In total, 1047 valid assessments were available from 131 physicians. As each physician had to make 8 assessments, only one assessment was missing.

A random effect logit model was created, which takes the partial dependency of observations from the same person concerning the parameter estimation into account. Estimated coefficients and their standard errors are shown in Table 4.

Table 4. Results of random effect logit model (Discrete Choice Experiment; negative pole as reference group)

In this model significant (non-zero) estimations for the positive poles were demonstrated for all six characteristics indicating the expected direction: the positive pole was chosen significantly more frequent than the negative one. Thus, all six parameters are statistically significant predictors of treatment preferences.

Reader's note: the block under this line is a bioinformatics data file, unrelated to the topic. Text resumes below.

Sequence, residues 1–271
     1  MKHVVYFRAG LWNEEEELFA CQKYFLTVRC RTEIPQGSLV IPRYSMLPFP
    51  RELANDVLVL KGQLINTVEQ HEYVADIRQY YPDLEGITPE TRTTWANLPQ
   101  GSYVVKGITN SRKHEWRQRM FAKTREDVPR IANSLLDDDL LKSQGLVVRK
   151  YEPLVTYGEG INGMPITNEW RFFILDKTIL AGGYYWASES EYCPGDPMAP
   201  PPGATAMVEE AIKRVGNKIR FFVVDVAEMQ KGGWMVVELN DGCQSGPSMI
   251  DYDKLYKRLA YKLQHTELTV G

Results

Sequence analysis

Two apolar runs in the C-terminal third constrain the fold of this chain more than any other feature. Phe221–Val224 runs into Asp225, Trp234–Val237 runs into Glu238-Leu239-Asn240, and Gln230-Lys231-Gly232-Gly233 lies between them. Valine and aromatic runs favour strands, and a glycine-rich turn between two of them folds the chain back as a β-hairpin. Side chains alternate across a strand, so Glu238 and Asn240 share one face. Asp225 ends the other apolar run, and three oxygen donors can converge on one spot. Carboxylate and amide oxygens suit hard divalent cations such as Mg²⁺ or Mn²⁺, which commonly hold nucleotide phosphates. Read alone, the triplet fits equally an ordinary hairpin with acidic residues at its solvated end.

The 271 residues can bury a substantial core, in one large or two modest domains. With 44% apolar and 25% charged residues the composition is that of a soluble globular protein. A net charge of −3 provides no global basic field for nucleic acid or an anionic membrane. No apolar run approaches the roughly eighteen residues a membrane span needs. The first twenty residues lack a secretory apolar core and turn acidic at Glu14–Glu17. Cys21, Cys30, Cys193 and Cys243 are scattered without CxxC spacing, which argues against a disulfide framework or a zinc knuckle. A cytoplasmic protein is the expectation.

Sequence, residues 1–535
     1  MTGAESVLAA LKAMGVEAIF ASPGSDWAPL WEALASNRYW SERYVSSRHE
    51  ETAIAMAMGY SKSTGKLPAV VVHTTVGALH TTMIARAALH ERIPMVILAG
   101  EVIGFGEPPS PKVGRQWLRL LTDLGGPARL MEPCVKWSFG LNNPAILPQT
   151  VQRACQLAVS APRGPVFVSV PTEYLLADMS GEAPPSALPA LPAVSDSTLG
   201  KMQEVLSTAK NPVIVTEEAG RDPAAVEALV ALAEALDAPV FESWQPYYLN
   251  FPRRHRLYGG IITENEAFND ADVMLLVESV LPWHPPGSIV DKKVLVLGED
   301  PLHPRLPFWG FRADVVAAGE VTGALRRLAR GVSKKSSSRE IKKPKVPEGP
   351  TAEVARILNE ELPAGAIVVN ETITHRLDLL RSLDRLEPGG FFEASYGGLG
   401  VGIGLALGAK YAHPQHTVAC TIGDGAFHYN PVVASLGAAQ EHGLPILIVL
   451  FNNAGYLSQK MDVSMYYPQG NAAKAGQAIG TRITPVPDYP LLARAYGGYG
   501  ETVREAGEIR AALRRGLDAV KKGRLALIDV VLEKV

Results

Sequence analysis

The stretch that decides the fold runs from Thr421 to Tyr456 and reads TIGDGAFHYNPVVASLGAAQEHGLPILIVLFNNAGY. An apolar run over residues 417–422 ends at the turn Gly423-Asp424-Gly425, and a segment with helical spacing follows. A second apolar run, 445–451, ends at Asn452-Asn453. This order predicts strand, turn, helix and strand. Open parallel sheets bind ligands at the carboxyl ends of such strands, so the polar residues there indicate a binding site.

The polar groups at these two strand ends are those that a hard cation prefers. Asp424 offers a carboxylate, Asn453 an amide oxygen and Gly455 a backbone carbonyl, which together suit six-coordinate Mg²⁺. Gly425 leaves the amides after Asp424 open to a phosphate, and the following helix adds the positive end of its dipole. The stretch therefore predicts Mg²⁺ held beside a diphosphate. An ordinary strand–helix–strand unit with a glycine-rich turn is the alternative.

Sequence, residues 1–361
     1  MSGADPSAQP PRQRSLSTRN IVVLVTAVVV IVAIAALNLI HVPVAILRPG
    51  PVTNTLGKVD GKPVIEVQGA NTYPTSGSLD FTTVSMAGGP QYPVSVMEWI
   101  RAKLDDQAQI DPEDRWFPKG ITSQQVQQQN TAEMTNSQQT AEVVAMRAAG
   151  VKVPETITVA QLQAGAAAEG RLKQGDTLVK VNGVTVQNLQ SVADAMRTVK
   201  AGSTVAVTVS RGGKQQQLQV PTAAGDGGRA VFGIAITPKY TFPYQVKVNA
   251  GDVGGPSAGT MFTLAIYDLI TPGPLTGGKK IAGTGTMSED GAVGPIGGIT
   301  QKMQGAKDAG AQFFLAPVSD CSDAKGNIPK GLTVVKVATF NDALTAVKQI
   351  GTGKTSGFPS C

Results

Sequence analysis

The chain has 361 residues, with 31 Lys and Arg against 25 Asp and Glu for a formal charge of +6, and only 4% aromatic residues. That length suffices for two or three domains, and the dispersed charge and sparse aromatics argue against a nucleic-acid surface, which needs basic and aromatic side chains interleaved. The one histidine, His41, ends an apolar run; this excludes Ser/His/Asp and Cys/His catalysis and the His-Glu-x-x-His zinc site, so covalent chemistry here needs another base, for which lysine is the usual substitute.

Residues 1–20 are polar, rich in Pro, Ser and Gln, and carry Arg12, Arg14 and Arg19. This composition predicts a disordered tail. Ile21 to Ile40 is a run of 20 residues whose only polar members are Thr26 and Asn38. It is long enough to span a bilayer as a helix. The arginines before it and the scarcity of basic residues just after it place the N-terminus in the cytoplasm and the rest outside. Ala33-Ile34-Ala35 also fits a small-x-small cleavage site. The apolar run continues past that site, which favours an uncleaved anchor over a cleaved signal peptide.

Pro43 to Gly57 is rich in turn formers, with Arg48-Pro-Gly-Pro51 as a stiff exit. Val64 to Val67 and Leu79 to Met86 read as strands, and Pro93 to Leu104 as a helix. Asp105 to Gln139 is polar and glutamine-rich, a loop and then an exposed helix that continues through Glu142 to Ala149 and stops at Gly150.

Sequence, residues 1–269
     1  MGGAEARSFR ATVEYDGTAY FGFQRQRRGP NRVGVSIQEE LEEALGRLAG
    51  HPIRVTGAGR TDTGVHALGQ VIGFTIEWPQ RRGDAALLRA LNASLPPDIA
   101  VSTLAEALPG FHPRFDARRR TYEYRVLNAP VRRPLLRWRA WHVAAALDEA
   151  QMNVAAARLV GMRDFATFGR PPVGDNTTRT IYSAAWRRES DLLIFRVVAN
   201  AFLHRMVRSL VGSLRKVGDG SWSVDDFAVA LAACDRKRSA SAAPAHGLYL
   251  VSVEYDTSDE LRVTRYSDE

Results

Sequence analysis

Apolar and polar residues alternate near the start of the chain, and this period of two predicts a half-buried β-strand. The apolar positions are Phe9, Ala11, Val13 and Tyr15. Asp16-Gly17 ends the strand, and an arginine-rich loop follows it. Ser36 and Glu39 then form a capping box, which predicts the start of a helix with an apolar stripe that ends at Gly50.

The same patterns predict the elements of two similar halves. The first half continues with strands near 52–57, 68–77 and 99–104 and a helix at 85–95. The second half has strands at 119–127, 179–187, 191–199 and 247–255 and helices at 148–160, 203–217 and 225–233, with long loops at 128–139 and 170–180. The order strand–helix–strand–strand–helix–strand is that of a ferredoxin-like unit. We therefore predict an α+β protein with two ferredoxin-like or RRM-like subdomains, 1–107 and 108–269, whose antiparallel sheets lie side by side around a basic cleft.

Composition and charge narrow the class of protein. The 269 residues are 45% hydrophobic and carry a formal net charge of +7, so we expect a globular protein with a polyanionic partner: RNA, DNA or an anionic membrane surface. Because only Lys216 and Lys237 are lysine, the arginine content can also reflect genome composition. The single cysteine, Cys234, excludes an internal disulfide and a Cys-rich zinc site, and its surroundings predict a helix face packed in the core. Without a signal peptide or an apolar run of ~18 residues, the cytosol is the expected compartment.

As shown in Table 4, the patient treatment preferences assessed by the physicians depend on the six characteristics to a different degree. From the physicians point of view avoidance of an obvious perceptibility of the disease (“Emotional quality of life”; characteristic 5) had by far the strongest impact on the patient treatment preferences. With some distance the “Physical quality of life” (characteristic 4) with less diarrhea or nausea, as well as the “Possibility to participate in social life” (characteristic 6) followed on the same level. With a clear distance but on the same level “Maximum increased life expectancy” (characteristic 1) and “Avoidance of long-term side-effects” (characteristic 2) followed. In the view of the physicians the “Flexibility of dosing”, represented by an intake of a maximum of 3 tablets per day (characteristic 3) had the lowest but still statistically significant impact.